Gyrification patterns in monozygotic twin pairs varying in discordance for autism

Authors

  • Wendy R. Kates,

    Corresponding author
    1. Department of Psychiatry and Behavioral Sciences, State University of New York at Upstate Medical University, Syracuse, New York
    2. Department of Psychiatry and Behavioral Sciences, Johns Hopkins University School of Medicine, Baltimore, Maryland
    • SUNY Upstate Medical University, 750 East Adams Street, Syracuse, NY 13210
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  • Ichiro Ikuta,

    1. Department of Psychiatry and Behavioral Sciences, State University of New York at Upstate Medical University, Syracuse, New York
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  • Courtney P. Burnette

    1. Kennedy Center, Vanderbilt University, Nashville, Tennessee
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Abstract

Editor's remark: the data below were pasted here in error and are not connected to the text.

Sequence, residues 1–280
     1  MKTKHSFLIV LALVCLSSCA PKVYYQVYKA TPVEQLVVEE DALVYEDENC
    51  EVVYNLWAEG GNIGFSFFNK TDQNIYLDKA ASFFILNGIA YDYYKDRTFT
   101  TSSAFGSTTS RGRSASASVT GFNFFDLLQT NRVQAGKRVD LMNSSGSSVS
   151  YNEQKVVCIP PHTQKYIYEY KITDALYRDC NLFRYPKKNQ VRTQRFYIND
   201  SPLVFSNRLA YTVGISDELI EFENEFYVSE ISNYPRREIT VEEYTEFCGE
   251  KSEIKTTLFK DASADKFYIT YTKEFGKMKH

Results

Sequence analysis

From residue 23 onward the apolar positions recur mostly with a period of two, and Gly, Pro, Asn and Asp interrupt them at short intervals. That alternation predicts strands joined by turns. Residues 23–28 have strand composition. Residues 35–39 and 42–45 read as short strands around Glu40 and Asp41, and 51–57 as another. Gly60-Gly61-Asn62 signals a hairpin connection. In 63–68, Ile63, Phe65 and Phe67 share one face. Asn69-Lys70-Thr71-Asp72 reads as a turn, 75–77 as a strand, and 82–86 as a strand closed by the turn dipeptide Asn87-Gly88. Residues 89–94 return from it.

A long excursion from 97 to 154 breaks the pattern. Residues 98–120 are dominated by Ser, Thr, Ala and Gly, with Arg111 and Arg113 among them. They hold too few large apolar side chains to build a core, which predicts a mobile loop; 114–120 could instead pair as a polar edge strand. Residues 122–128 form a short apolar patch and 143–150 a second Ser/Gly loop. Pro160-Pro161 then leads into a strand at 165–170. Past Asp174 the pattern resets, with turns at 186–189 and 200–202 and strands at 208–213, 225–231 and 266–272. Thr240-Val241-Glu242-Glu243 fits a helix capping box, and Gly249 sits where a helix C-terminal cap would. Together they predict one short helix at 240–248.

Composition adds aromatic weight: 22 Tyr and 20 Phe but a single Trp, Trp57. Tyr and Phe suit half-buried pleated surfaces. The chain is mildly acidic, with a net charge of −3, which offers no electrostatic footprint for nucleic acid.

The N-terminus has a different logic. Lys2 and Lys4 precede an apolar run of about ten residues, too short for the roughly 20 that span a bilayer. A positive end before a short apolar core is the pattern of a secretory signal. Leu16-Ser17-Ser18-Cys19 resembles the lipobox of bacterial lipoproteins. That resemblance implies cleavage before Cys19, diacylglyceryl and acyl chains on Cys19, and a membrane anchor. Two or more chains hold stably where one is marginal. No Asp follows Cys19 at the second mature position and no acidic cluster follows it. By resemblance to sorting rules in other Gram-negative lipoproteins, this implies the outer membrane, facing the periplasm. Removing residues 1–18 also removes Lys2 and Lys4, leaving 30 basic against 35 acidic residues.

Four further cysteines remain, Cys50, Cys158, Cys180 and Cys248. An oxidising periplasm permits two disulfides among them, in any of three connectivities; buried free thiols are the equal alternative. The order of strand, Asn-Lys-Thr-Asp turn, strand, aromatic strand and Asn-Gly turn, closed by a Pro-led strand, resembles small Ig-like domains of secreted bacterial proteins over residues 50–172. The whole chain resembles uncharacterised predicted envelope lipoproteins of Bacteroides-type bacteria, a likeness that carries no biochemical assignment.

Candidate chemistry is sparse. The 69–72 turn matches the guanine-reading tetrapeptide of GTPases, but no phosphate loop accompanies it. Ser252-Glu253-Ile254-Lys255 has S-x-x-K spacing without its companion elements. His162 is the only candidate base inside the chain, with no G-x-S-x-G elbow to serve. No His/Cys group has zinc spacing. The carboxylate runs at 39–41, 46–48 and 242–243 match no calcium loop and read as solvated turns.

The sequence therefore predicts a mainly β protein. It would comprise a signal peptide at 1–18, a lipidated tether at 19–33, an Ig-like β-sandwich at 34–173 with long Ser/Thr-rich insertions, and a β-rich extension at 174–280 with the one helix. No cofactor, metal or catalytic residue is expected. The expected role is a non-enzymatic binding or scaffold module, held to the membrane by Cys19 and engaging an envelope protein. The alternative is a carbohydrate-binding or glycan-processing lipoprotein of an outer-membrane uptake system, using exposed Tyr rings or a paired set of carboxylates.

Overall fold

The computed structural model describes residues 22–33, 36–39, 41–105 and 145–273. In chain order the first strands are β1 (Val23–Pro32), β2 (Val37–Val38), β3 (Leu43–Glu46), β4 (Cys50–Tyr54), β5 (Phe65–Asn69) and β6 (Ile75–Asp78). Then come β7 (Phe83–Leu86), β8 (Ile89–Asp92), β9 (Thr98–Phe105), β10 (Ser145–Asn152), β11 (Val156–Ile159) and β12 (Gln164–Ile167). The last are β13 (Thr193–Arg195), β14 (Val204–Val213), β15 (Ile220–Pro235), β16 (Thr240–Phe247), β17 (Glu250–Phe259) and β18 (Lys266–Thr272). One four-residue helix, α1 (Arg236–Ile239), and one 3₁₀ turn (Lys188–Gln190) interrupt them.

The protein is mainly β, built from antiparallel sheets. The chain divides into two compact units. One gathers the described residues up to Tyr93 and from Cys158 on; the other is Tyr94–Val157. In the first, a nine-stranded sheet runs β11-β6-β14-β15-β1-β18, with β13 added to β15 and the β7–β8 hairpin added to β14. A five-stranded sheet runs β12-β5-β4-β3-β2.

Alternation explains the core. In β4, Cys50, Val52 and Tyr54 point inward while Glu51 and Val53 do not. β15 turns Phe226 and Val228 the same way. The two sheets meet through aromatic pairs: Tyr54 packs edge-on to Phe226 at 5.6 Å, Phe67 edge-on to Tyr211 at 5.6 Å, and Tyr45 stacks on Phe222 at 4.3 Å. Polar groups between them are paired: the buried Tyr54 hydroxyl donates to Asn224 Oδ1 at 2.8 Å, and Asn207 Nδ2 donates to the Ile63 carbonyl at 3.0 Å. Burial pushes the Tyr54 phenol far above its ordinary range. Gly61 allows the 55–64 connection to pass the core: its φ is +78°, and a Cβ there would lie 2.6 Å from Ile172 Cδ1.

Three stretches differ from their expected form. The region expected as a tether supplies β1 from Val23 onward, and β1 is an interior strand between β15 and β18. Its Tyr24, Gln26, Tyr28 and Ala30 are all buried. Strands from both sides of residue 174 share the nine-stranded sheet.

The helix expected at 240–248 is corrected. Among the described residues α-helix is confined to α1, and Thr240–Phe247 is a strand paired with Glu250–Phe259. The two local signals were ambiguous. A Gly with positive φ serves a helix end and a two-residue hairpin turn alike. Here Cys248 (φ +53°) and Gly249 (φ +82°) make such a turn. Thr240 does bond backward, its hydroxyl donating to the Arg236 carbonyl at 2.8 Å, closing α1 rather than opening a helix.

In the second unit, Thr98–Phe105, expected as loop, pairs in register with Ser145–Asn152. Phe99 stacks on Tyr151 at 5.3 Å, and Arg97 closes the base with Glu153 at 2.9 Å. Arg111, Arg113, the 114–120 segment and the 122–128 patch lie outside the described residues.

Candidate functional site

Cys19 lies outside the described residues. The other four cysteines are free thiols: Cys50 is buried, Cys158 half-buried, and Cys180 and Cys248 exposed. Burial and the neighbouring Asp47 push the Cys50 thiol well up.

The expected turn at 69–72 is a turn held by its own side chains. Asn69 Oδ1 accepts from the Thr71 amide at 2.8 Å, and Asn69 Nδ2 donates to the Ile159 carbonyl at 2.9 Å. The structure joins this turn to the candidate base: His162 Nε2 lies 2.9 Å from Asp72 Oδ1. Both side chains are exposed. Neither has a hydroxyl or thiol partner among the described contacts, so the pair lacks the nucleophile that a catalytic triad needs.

In order to disentangle genetic and environmental contributions to cortical anomalies in children with autism, we investigated cortical folding patterns in a cohort of 14 monozygotic (MZ) twin pairs who displayed a range of phenotypic discordance for autism, and 14 typically developing community controls. Cortical folding was assessed with the gyrification index, which was calculated on high resolution anatomic MR images. We found that the cortical folding patterns across most lobar regions of the cerebral cortex was highly discordant within MZ twin pairs. In addition, children with autism and their co-twins exhibited increased cortical folding in the right parietal lobe, relative to age- and gender-matched typical developing children. Increased folding in the right parietal lobe was associated with more symptoms of autism for co-twins. Finally, the robust association between cortical folding and IQ observed in typical children was not observed in either children with autism or their co-twins. These findings, which contribute to our understanding of the limits of genetic liability in autism, suggest that anomalies in the structural integrity of the cortex in this PDD may disrupt the association between cortical folding and intelligence that has been reported in typical individuals, and may account, in part, for the deficits in visual spatial attention and in social cognition that have been reported in children with autism.

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